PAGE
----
Photo by Adam Rogan
Jewish students at Drake are “terrified.” The university is responding to yet another hate crime, the first directed at Jews. First-year Samantha Bayne, who is Jewish, says she felt senate wasn’t standing in solidarity with her community last week, after anti-Semitic vandalism was discovered on campus.
“…This is something that’s impacting real students and today I felt like there wasn’t that much solidarity shown,” Bayne said. “Especially today when I went to Hillel and I know there were other conflicts, obviously there were many conflicts, but the only two senators were Senator (Jackie) Heymann and Senator (Russell) White and no one from (the three executive positions on senate) was there, and that was really hard.”
Heymann, who is also Jewish, spoke at senate’s meeting, providing further context and campus reactions to the anti-Semitic vandalism.
“First off, there (were) several students, Hillel students, that came (to the house) today and said people were coming up to them and saying ‘Why is Drake making such a big deal out of this,’ stuff like that,” Heymann said. “One, that it was an awful thing that was written and hurt a lot of members of the community, but also explaining that there is a greater national context right now…(a) greater national trend where anti-Semitism is really, really on the rise…”
A campus-wide email was sent out last Thursday morning from Provost Sue Mattison, alerting students to the vandalism. In response, Drake’s Jewish community and its allies met at the Hillel house to express their feelings about the vandalism. They also came together with steps to move forward from the incident.
The perceived lack of support from members of the executive seats on senate, according to Bayne, “…meant to me that Drake wasn’t showing support.”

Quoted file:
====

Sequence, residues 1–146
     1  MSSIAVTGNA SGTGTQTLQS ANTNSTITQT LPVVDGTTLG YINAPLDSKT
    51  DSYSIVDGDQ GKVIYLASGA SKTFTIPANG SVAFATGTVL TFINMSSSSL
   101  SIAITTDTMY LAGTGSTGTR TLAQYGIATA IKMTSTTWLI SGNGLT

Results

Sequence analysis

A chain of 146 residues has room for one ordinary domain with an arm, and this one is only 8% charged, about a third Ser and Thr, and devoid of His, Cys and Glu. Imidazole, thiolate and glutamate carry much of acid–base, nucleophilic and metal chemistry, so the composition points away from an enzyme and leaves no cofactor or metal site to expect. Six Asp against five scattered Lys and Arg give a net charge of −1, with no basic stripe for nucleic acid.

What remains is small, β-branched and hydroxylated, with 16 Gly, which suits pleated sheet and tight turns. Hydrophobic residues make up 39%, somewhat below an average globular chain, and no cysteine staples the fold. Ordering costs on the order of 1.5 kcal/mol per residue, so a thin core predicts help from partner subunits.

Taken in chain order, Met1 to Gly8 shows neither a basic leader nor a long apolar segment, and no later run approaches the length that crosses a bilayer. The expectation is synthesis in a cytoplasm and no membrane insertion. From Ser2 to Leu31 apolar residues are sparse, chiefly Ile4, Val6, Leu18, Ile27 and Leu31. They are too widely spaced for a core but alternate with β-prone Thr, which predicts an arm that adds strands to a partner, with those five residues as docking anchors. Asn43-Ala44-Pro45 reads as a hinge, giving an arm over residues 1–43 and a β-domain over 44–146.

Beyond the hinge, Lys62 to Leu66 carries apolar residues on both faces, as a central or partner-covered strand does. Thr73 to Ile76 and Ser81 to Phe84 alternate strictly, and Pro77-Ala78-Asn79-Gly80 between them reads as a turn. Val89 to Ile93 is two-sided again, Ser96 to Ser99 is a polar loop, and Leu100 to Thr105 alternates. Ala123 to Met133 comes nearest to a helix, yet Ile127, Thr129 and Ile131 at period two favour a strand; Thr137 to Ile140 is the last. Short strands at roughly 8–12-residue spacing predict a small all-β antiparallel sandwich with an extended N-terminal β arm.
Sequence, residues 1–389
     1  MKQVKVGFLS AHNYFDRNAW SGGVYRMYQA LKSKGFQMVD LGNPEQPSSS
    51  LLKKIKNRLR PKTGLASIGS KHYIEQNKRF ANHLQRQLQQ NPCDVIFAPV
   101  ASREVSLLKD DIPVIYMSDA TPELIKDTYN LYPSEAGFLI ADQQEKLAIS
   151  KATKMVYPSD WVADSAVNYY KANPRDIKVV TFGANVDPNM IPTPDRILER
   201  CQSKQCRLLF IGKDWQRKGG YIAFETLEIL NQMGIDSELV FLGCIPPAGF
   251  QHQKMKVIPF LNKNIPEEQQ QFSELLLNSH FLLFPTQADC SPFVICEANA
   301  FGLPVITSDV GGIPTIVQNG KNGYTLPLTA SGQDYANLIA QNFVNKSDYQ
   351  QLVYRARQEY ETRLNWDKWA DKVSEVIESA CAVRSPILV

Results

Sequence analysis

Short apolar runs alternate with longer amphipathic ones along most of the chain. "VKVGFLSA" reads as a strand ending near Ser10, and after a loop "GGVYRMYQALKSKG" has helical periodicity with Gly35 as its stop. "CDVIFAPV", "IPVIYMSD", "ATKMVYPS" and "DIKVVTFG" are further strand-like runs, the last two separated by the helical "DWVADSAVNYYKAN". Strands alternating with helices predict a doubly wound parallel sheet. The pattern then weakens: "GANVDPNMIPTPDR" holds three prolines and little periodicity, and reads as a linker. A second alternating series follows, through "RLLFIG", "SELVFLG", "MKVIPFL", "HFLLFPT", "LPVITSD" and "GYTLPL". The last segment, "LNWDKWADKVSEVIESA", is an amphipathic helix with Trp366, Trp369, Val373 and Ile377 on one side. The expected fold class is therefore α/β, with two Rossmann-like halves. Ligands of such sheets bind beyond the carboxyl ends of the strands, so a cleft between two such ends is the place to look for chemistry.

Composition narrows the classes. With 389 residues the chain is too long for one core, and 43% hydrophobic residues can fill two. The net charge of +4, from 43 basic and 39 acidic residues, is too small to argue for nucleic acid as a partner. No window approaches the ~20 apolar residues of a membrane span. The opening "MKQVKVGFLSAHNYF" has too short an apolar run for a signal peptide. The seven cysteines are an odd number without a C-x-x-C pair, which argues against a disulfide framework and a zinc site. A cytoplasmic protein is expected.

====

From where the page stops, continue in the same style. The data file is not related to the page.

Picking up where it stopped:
Student Body President Thalia Anguiano conveyed concerns that senators around the table apparently had communicated amongst each other throughout the day Thursday that they were critical of the amount of time it took for Student Senate to release an official statement.
“If you have an issue or any concerns with the timeline of when I actually post these things on social media, come talk to me instead of talking amongst each other,” Anguiano said.
“We have to keep in mind that I’m also a student and I’m also a person that has needs and that needs self-care,” Anguiano continued, rebuking these concerns. “I’ve been away for seven days, and I have work that I need to get done and I need sleep. So as far as sending me messages and as far as being concerned that I wouldn’t speak out on an issue like this is bothersome.”
Anguiano said she felt she had built up credibility for not “staying silent” on issues such as this instance of anti-Semitism on campus.
“Honestly, I feel disrespected that people felt that I wouldn’t be sending out a statement because I didn’t do it earlier in the morning … quite honestly, I would hope that people have more trust in me in not staying silent on an issue that is so important, especially with the political and social climate going on right now around the nation,” Anguiano said.
Bayne, in addition to criticizing the overall response to the vandalism, granted senate several suggestions on how to move forward.
“Action is way more important than talk,” Bayne said. “What I really needed to hear was not like a vague statement about how we need to do better, but something that reinforces that actions have consequences.”
Bayne suggested creating a senate ad hoc group on hate crime, taking another look at what Drake’s hate crime policies are and creating diversity training during welcome weekend alongside Mentors in Violence Prevention.
“Hopefully there isn’t a next time, but with everything going on, who the hell knows?” Anguiano said.
If students want to voice their concerns to senators, they meet at 9 p.m. in the fishbowl (room 201) of Cowles Library every Thursday.